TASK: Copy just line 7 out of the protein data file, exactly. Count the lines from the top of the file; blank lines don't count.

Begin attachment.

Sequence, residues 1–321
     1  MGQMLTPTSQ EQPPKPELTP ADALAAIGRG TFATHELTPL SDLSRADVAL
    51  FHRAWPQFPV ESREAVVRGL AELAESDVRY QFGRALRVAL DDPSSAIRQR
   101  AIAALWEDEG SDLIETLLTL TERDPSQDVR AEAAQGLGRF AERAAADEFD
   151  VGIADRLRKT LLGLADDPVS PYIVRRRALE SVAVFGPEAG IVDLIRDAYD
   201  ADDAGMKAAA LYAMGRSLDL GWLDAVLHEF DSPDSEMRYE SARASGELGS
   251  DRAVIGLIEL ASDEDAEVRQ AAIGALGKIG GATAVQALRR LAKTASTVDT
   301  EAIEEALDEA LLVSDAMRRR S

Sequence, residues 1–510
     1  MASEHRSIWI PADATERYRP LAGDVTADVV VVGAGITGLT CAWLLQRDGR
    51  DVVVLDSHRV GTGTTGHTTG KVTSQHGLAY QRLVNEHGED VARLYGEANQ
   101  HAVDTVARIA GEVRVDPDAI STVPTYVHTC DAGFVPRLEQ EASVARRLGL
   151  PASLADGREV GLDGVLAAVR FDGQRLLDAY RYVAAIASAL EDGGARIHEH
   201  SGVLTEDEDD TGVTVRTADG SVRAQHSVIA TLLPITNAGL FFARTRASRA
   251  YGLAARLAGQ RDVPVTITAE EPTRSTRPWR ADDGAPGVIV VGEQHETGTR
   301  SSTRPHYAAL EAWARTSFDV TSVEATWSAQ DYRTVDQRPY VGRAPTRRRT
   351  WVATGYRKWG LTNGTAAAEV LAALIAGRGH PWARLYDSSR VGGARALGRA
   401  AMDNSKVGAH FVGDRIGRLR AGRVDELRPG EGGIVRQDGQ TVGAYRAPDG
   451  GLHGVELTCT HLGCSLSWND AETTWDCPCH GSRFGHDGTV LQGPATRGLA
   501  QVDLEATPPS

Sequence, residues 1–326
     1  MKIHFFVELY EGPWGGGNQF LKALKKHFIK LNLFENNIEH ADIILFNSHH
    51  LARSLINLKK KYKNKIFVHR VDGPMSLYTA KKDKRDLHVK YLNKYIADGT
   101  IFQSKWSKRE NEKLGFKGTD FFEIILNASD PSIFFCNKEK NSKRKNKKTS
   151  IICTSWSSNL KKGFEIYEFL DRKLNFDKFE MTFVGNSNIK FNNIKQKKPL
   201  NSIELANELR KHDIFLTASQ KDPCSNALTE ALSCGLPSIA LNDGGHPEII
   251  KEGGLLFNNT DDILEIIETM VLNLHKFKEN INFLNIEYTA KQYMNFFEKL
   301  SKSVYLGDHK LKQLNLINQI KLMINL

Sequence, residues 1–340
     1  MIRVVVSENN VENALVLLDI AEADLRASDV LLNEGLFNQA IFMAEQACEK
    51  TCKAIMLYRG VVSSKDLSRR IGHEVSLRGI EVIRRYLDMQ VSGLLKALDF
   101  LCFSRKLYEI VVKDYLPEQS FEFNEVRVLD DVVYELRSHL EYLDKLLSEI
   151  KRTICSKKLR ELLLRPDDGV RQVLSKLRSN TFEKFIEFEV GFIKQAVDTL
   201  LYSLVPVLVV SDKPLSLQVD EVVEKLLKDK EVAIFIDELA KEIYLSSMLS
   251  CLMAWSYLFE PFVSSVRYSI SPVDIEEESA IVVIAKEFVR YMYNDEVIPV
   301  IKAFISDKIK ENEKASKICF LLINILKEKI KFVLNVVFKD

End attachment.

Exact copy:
   251  DRAVIGLIEL ASDEDAEVRQ AAIGALGKIG GATAVQALRR LAKTASTVDT